Droit de la concurrence dans les contrats publics: Pratiques anticoncurrentielles, abus de position dominante, contrôles et sanctions

Christophe Cabanes, Benoît Neveu

This section selects books on themes related to competition laws and economics. This compilation does not attempt to be exhaustive but rather a survey of themes important in the area. The survey usually covers publication over the last three months after publication of the latest issue of Concurrences. Publishers, authors and editors are welcome to send books to catherine.prieto@univ-paris1.fr for review in this section.

*This article is an automatic translation of the original article, provided here for your convenience. Read the original article.

Subject to competitive bidding requirements, the award of most public contracts must lead to genuine competition between the tendering companies. The consultations organized by the contracting public entities are therefore relevant economic markets that the competent authorities and courts endeavor to preserve by preventing and punishing both the anti-competitive practices that may affect them (cartels, abuse of dominant positions, etc.) and, more broadly, all other acts that are contrary to the expression of genuine competition (illegal administrative decisions, criminal offences relating to the awarding of contracts, etc.)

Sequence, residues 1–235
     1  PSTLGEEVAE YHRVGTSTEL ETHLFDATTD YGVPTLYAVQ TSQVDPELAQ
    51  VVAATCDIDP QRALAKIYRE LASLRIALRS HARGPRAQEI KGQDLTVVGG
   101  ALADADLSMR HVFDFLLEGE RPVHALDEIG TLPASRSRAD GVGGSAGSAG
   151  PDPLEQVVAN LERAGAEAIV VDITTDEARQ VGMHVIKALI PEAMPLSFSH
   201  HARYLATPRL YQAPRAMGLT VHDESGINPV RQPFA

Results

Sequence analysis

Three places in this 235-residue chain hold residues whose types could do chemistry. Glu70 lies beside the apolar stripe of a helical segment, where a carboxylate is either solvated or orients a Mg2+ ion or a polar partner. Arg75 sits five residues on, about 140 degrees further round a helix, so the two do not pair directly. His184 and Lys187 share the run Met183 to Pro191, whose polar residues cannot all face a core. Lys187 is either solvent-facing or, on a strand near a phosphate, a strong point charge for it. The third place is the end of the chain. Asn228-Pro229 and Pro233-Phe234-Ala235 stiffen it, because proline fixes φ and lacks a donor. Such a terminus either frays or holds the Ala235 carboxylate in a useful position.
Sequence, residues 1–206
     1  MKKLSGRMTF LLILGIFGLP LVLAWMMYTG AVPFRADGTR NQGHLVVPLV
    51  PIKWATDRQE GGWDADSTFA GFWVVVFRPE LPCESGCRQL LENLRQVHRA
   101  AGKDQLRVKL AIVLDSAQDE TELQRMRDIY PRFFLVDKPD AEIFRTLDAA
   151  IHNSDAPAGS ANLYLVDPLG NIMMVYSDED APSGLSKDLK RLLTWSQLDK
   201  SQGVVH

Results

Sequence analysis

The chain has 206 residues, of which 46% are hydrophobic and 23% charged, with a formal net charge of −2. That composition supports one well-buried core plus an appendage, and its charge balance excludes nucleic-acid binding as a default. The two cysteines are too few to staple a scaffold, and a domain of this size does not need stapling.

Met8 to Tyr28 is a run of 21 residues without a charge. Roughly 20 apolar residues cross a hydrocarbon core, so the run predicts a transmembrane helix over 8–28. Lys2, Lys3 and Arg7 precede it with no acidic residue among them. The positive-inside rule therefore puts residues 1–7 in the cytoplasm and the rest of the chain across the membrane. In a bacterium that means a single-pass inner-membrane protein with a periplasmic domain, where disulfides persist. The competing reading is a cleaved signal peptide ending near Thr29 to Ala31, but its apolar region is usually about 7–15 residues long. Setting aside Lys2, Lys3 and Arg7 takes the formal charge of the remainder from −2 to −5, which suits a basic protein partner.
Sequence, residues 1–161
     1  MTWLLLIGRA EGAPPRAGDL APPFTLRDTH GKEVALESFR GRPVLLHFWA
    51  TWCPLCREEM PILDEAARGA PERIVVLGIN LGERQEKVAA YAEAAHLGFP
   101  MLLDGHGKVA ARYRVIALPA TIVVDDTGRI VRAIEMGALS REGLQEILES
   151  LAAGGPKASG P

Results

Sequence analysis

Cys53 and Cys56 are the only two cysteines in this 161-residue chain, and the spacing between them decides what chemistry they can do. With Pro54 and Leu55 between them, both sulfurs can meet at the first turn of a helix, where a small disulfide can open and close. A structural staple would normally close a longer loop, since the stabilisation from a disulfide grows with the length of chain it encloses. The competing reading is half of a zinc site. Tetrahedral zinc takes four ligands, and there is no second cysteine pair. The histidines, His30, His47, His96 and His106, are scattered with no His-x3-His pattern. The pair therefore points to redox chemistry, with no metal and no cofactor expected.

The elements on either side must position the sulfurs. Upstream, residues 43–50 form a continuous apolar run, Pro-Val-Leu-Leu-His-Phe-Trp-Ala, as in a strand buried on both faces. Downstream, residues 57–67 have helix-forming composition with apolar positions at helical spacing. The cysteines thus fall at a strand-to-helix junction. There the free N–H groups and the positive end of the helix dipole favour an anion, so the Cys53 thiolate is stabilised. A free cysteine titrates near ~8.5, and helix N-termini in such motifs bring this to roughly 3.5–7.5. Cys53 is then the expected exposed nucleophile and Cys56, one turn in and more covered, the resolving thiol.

The purpose of this book is to provide an in-depth analysis of the subject, with particular attention to the decisions rendered by the competent authorities and courts and to the methods and reasoning used. This book also aims to show that anti-competitive practices and acts in the field of public contracts are not the business of a single national or European competition judge, but rather that of a plurality of judges. The action of the administrative judge, responsible for applying competition law as part of the legality of public contracts, has become remarkably effective in recent years. In addition, the criminal court and the financial court also have to deal with anti-competitive behaviour linked to the award of public contracts. The aim is to give an account of the diversity of these controls.

Thus conceived, this book is intended to be a tool enabling practitioners (public authorities, councils, etc.) to legally secure the conclusion and performance of their contracts and enabling companies to place their legitimate desire for development within the limits set by the rules of competition.